WASHINGTON (CN) — Not for the first time, former President Donald Trump etched his name into the annals of history this week in a way neither he or his surrogates can boast about.
The former chief executive and runaway favorite among Republicans to challenge President Joe Biden for the White House in 2024 was indicted Friday on dozens of counts under the federal Espionage Act, as well as charges of obstruction of justice and making false statements.
Though it marks the first time in history a former U.S. president faces federal criminal charges, it’s not Trump’s first indictment. He is already the subject of separate charges in New York, for which he was arraigned in April, over his reimbursement of a lawyer for making hush-money payments to women accusing him of extramarital affairs.
Trump's prosecution in Miami is the result of a monthslong investigation into classified documents Trump took from the White House in 2021 and stored at his resort home Mar-a-Lago, an inquiry punctuated in August by an FBI raid on the compound in which agents seized some of the classified material.
The Mar-a-Lago probe is spearheaded by special counsel Jack Smith — a storied prosecutor appointed in November by Attorney General Merrick Garland as an independent overseer. Smith, who has worked both at the Justice Department and abroad at the International Criminal Court where he prosecuted war criminals, is also in charge of a separate federal inquiry of Trump's efforts to overturn the results of the 2020 presidential election.
Special counsel are used in cases when there could be a conflict of interest between the government and the accused. In this case, using an independent investigator is aimed at putting some distance between the Biden administration and the classified documents probe centered around a former president.
Despite that, pundits, lawmakers and other allies of Trump have long claimed that the probe represents an attempt from the White House to muzzle the President Joe Biden's chief political opponent.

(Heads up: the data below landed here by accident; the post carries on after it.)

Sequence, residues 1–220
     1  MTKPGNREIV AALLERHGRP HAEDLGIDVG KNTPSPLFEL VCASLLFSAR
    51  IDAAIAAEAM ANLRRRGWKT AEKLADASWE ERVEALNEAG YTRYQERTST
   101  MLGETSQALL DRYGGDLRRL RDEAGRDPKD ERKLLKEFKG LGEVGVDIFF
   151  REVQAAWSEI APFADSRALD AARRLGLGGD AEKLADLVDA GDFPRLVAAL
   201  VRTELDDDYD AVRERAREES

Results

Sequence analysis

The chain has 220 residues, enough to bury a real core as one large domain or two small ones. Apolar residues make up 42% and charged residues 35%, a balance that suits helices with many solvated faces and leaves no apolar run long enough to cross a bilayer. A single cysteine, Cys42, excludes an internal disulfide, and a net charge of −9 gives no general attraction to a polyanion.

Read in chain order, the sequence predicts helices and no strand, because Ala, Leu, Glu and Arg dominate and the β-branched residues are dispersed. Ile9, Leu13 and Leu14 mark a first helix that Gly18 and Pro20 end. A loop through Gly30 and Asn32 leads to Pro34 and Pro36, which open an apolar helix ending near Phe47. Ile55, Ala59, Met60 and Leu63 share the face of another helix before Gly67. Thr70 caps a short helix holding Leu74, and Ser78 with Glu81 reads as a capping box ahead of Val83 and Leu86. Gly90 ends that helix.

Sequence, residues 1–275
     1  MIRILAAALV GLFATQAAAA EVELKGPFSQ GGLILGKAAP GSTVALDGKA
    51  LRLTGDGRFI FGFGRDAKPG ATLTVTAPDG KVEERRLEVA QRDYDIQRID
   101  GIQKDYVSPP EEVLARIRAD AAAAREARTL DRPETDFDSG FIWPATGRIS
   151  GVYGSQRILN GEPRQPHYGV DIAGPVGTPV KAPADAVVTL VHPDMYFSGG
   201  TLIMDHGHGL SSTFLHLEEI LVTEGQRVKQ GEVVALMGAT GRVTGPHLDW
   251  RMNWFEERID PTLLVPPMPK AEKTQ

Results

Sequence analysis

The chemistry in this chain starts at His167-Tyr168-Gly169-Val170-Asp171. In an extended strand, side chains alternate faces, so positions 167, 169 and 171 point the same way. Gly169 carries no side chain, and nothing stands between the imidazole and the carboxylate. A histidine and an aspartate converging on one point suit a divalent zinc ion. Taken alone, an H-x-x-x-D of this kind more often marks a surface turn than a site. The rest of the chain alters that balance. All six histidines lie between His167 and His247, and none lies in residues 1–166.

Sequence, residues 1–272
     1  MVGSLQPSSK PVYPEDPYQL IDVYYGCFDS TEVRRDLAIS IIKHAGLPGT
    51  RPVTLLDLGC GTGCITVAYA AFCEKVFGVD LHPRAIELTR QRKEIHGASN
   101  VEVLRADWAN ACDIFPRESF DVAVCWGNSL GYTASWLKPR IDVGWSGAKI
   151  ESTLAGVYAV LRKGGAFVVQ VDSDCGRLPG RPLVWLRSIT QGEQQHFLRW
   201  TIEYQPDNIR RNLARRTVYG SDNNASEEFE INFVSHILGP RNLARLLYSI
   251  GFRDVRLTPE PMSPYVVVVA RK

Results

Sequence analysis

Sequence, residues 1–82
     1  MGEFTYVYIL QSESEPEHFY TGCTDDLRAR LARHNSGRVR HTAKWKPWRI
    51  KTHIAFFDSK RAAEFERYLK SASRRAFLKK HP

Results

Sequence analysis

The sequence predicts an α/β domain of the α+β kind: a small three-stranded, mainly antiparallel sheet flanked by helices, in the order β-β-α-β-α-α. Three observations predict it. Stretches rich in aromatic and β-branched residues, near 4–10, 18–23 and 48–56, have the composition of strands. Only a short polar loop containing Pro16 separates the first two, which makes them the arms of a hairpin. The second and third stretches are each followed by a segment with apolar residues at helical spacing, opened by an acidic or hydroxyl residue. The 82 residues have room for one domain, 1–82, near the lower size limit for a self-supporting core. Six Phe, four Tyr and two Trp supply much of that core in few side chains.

“House Republicans will hold this brazen weaponization of power accountable,” House Speaker Kevin McCarthy tweeted Thursday.'
The suggestion that the White House has transformed the special counsel into a political cudgel has become a clarion call among some Republican figures in Congress and elsewhere. Ohio Congressman Jim Jordan, a vehement Trump ally who leads a House panel aptly named the Committee on the Weaponization of the Federal Government, on Friday accused the Justice Department of holding “Republicans, parents, and traditional Catholics” to a different standard than it holds Democrats.
Florida Governor Ron DeSantis, another Republican presidential hopeful, piled on the claims of weaponization. “We have for years witnessed an uneven application of the law depending on political affiliation,” he tweeted. “The DeSantis administration will bring accountability to the DOJ, excise political bias and end weaponization once and for all.”
Even Twitter CEO Elon Musk, who is no stranger to criticizing the Biden administration and recently helped facilitate Governor DeSantis’ rocky presidential campaign announcement, weighed in on the Trump indictment.
“There does seem to be far higher interest in pursuing Trump compared to other people in politics,” the billionaire tweeted. “Very important that the justice system rebut what appears to be differential enforcement or they will lose public trust.”
Among legal scholars, though, the conspiracy allegations have fallen flat.
“I think the history of the office is not one of weaponization, despite the short memories that Trump and his people may have,” said Carl Tobias, chair of the University of Richmond’s School of Law. “I think the way it’s set up is actually to depoliticize the appointment, and certainly Merrick Garland has done that.”